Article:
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Before I get to the topic of heat in our future, just a recap on the rain that fell over the past 24 hours. If you read my previous post, you know what a challenge that event was for models and forecasters alike to get a handle on. Right down to the end it defied prediction showing once again (the powers that be) always hold the last card. Here's what Doppler estimates showed. Note the southern band in Missouri and Illinois that was well forecast. The northern band near and north of I-80 that was not.

While there are some parts of my area that could still use a good rain (namely the south), in other areas there's been plenty. Notice the change in Iowa City. Back in late June amounts were running about 5 inches below the long term norm. Thanks to rains over the past two weeks, Iowa City has erased its deficit and is back to normal with 14.4 inches through June 7th. That's about 15 inches below the big flooding summer of 1993 when the yearly total eventually reached 56.36 inches. The bright red line represents 2022 rainfall, the dashed is the long term mean back to 1892.

I also found this to be interesting, especially for you folks down in southeast Iowa. This appeared on the Iowa mesonet site (a great place for weather info) Friday.

For at least the next two days rain is out of the forecast and the weekend is shaping up nicely. Humidity levels will remain in check and with highs of 81-85 things are looking good.

Monday we get back into a brief period of increased heat and humidity ahead of an approaching cold front. Southerly winds will send dew points back into the 70s with highs of 85 to 90. That should get CAPE (instability) up to healthy levels.

That should allow the cold front to kick up at least scattered thunderstorms as it passes late in the day or during the evening hours Monday.

Following the front, a healthy east coast trough allows northwest flow to dominate the region through the remainder of next week. You can see the pattern nicely at 500mb

Note the impacts on temperatures with 5 day departures running 3-5 degrees below normal through Friday of next week. Additionally, moisture will be scant allowing comfortable humidity levels and dry conditions.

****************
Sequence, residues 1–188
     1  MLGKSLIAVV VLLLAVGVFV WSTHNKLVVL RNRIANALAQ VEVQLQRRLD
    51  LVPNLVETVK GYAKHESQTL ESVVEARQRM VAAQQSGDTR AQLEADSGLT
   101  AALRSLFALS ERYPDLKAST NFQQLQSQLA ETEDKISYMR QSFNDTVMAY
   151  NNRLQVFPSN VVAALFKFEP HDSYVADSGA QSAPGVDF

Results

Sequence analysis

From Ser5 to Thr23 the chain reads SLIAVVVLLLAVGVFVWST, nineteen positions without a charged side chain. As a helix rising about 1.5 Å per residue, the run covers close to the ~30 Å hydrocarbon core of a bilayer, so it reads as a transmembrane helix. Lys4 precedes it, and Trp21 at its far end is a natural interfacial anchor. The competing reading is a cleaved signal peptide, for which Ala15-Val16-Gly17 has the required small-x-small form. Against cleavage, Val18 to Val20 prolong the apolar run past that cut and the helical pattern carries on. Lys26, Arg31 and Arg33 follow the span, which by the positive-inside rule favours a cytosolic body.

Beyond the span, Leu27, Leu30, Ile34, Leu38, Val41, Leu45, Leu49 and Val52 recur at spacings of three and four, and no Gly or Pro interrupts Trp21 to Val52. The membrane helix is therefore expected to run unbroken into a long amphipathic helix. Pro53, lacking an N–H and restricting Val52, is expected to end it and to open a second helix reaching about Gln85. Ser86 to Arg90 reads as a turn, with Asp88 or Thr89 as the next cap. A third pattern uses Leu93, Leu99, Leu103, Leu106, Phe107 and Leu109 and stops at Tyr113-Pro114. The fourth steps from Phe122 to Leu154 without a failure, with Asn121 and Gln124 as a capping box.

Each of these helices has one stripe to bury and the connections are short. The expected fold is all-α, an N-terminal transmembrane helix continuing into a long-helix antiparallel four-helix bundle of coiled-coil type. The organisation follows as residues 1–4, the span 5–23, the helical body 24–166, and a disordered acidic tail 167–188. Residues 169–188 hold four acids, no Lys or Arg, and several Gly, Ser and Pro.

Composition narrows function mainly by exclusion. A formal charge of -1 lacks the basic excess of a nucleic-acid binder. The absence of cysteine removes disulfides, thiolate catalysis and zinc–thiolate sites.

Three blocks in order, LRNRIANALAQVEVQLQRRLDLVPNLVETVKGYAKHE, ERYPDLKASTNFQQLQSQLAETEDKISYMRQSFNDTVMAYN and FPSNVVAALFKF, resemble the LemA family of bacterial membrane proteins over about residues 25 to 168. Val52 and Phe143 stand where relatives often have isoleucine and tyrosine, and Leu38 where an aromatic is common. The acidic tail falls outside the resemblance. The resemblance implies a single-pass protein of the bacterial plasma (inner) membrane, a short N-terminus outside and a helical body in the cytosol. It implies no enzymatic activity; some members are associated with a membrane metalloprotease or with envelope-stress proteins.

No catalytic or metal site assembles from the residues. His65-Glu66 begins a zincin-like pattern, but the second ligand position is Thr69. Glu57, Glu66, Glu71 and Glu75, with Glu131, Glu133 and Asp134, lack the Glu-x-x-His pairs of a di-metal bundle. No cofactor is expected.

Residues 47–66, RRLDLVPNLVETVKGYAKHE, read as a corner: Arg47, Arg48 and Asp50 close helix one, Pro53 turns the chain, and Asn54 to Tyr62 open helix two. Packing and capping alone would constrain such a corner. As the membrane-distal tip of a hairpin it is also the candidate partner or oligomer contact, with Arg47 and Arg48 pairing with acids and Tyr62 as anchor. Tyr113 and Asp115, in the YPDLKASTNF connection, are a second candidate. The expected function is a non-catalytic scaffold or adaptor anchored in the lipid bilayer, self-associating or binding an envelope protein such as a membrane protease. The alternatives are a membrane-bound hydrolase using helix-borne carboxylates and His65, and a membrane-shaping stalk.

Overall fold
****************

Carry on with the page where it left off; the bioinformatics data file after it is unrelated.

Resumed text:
That leads me to the issue of heat in the long range forecast. Before I get into it, I need to stress that the period in question is roughly a week out. Additionally, the operational GFS is the model indicating intense heat without the support of the EURO. Ensembles are also leaning more towards the seasonal (more tempered warmth) shown by the EURO. As a result, the odds are against the GFS being correct. The only reason I'm even showing the GFS is the outcome is so extreme that it would provide impactful conditions over much of the central U.S. people should be aware of and for that reason I think it's worth a mention. It reminds me of one of those winter time situations where you see a model showing three feet of snow and you know that just never happens around here, the chances are slim and none. Even so, you wonder, is this the rare occasion where the model is actually on the right track? Probably not in my opinion. So, take the GFS with a grain of salt and seriously hope it's nothing more than temporary eye candy.

Once again, let's use Iowa City as a case example. Here's what its meteogram shows for highs. Notice on the 23rd it spits out 113 degrees.

Around the state of Iowa it has readings as warm as 118 in Sioux City, 115 in Des Moines, and 109 in Moline. I have no idea what is triggering this outrageous solution but I would bet heavily against it.

The critical ingredient driving the GFS heat is the 500mb high it develops at over 600 decameters in central Missouri. It's weather's version of the demogorgon in Stranger Things.

Notice that the EURO does not develop a similar solution at 500mb. It's structure does not depict the heat monster and as such, it's a friendlier and cooler pattern. It depicts nothing more than a couple 90s without a hint of a 100 degree high.

So my feeling is that the brunt of the ridge stays out to the west and south providing the Midwest with more of a west-northwest flow that is void of the significant heat the GFS shows. I'll keep an eye on the situation but for now, what the GFS is selling is something I'm not buying.

Well then, time to get on with things. Enjoy you weekend and don't get turned upside down...if you know what I mean. Roll weather...TS


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